William Klein: Paintings, Ect. Review, HackelBury Fine Art, London
William Klein, an American who has spent most of his life in Paris, can be compared to the Lost Generation expatriate artists and writers such as Scott Fitzgerald, Ernest Hemingway and Man Ray who flocked to the city in search of creative fulfilment and the bohemian lifestyle infused throughout its bars, cafes, and studios. He found a second home in the city, and it was here where he embarked on his artistic journey as a painter, film-maker, and photographer. Klein’s early paintings hint at an influence of the abstracted figural and still life works of Picasso, and by the graphics, and designs of Bauhaus and Mondrian that later led to his mural paintings; while his fashion photography encapsulates the raw energy exuded by the streets of Paris.
Tucked away on a picturesque side street in Kensington, Hackelbury Fine Art provides space for one to quietly absorb Klein’s bold abstractions. William Klein: Paintings, Etc. features works from Klein’s oeuvre that have hardly been shown to the public since the 1950s. Presented against the accented bright red and yellow walls of the gallery, Klein’s paintings, though produced nearly half a century ago, now emit a new energy. The black, white, and red mural has recently been created from a maquette into an alluring, eye-catching linear and geometric display. On the opposite wall, Klein’s text-based paintings bear aesthetic weight. A selection of Klein’s abstract composition works and a still life are exhibited amongst the larger-scale pieces. Though the smaller works lend insight into Klein’s explorations as a painter, the mural and paintings with text provide more of a direct correlation with Klein’s interests in architecture and design. It was actually through photographing interior murals Klein had made on movable panels that he had the epiphany to become a photographer. Capturing the turn of the panels on a long exposure produced abstract shapes and a beautiful blur. The resulting works are on view as part of the exhibition.
The gallery contains a clever pull-out wall, which features two more of Klein’s black and white abstractions, which are photographic renditions of experimentations of light movements. These works, which are similar Man Ray’s “rayographs”, show Klein’s artistic playfulness that can be identified throughout his works. This type of play on light was incorporated into Klein’s fashion photography, as seen in the stunning work, “Dorothy blowing smoke light rings”.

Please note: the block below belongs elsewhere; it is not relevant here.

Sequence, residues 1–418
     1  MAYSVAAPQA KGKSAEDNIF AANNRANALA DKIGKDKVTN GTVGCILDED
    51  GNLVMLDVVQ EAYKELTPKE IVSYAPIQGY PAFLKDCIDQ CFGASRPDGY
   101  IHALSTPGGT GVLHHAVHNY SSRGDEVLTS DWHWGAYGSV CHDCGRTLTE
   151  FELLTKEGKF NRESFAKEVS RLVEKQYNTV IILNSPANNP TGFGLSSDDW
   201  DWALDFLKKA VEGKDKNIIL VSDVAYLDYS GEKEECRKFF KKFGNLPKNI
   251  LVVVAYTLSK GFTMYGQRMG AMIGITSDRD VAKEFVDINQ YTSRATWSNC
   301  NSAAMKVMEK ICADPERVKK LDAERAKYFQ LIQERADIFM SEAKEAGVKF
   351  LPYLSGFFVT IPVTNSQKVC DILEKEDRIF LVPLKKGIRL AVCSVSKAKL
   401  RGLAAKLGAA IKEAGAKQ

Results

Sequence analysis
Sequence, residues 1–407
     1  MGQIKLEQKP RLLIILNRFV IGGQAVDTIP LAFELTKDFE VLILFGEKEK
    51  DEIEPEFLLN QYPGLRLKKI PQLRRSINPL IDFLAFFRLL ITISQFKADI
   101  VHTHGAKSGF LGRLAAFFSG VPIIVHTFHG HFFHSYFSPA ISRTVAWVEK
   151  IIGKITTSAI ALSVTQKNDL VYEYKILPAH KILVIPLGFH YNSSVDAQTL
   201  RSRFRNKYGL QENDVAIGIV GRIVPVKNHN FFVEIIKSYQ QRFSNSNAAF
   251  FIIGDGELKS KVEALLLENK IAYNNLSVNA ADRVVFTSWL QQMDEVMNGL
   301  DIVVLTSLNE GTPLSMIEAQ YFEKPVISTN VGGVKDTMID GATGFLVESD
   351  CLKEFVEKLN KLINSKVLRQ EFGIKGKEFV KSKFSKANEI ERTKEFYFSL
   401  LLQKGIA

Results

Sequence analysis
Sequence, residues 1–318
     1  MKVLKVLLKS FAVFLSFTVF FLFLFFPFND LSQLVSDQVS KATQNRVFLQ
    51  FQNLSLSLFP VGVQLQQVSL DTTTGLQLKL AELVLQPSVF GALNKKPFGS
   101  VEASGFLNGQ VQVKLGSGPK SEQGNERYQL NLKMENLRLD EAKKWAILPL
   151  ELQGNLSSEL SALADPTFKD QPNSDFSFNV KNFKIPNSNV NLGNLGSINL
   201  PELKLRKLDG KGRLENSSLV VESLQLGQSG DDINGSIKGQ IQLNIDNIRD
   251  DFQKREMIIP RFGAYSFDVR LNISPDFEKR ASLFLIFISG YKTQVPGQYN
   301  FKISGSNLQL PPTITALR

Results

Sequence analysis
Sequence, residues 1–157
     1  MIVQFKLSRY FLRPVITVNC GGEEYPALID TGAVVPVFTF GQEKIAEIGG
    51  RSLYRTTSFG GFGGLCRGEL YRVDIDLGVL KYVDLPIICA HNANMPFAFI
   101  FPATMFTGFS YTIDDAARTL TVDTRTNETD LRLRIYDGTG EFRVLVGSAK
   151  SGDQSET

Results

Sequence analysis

A self-taught artist until he received an ex-serviceman’s grant to study art at the Sorbonne, Klein was mostly influenced by spending time in the studio of Fernand Leger, where he was advised to forget trying to get his work in galleries and to go out into the world. Klein’s paintings are aptly presented within a gallery context, and because Leger encouraged Klein to embrace city culture and created black and white vignettes of fashionable city streets that can be viewed in this exhibition outside the pages of Vogue today.
Klein’s iconoclastic style, with his photographs with blur, movement and grainy high contrast and a disregard of traditional composition, have caught the essence of modern urban life. Combining painting and photography, Klein has also painted over his filmstrips with playful brushstrokes. Such works are on display with a selection of Klein’s books, loaded with his photographs and film stills from the 1960s. Additionally a filmmaker, Klein’s inspiration has been drawn from French new wave and the films of Chris Marker, and this influence resonates throughout his body of works. It’s been said that Klein’s works are a reflection of his life: fun, with a confrontational twist. This exhibition presents an overview of this prolific photographer’s works in a way which doesn’t so much confront as it reveals, and highlights his skill in creating art across mediums.
William Klein, Paintings, Ect. running until 20 December, HackelBury Fine Art, 4 Launceston Place Royal Borough of Kensington and Chelsea, W8 5RL
1. Fashion With Light Drawings – Dorothy Blowing Light Smoke Rings © William Klein, Courtesy HackelBury Fine Art, London.
2. Barn on Walcheren Island, 1952 © William Klein, Courtesy HackelBury Fine Art, London.
3. William Klein, Painting, mural project no 1, 1952-54 © William Klein, Courtesy HackelBury Fine Art, London.
4. William Klein Vertical Diamonds, 1953 © William Klein, Courtesy HackelBury Fine Art, London.
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